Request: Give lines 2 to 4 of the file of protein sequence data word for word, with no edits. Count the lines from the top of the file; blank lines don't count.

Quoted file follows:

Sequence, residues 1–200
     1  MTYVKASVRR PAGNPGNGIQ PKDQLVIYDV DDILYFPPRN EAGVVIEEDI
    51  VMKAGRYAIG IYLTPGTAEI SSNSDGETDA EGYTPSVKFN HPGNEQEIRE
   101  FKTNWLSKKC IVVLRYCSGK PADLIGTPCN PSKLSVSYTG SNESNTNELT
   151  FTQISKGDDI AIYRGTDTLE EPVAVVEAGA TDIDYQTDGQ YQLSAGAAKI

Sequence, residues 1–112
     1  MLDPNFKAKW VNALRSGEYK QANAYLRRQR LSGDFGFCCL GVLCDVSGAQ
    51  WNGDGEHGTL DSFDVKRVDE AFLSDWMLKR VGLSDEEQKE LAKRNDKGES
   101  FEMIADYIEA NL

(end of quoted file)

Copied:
     1  MTYVKASVRR PAGNPGNGIQ PKDQLVIYDV DDILYFPPRN EAGVVIEEDI
    51  VMKAGRYAIG IYLTPGTAEI SSNSDGETDA EGYTPSVKFN HPGNEQEIRE
   101  FKTNWLSKKC IVVLRYCSGK PADLIGTPCN PSKLSVSYTG SNESNTNELT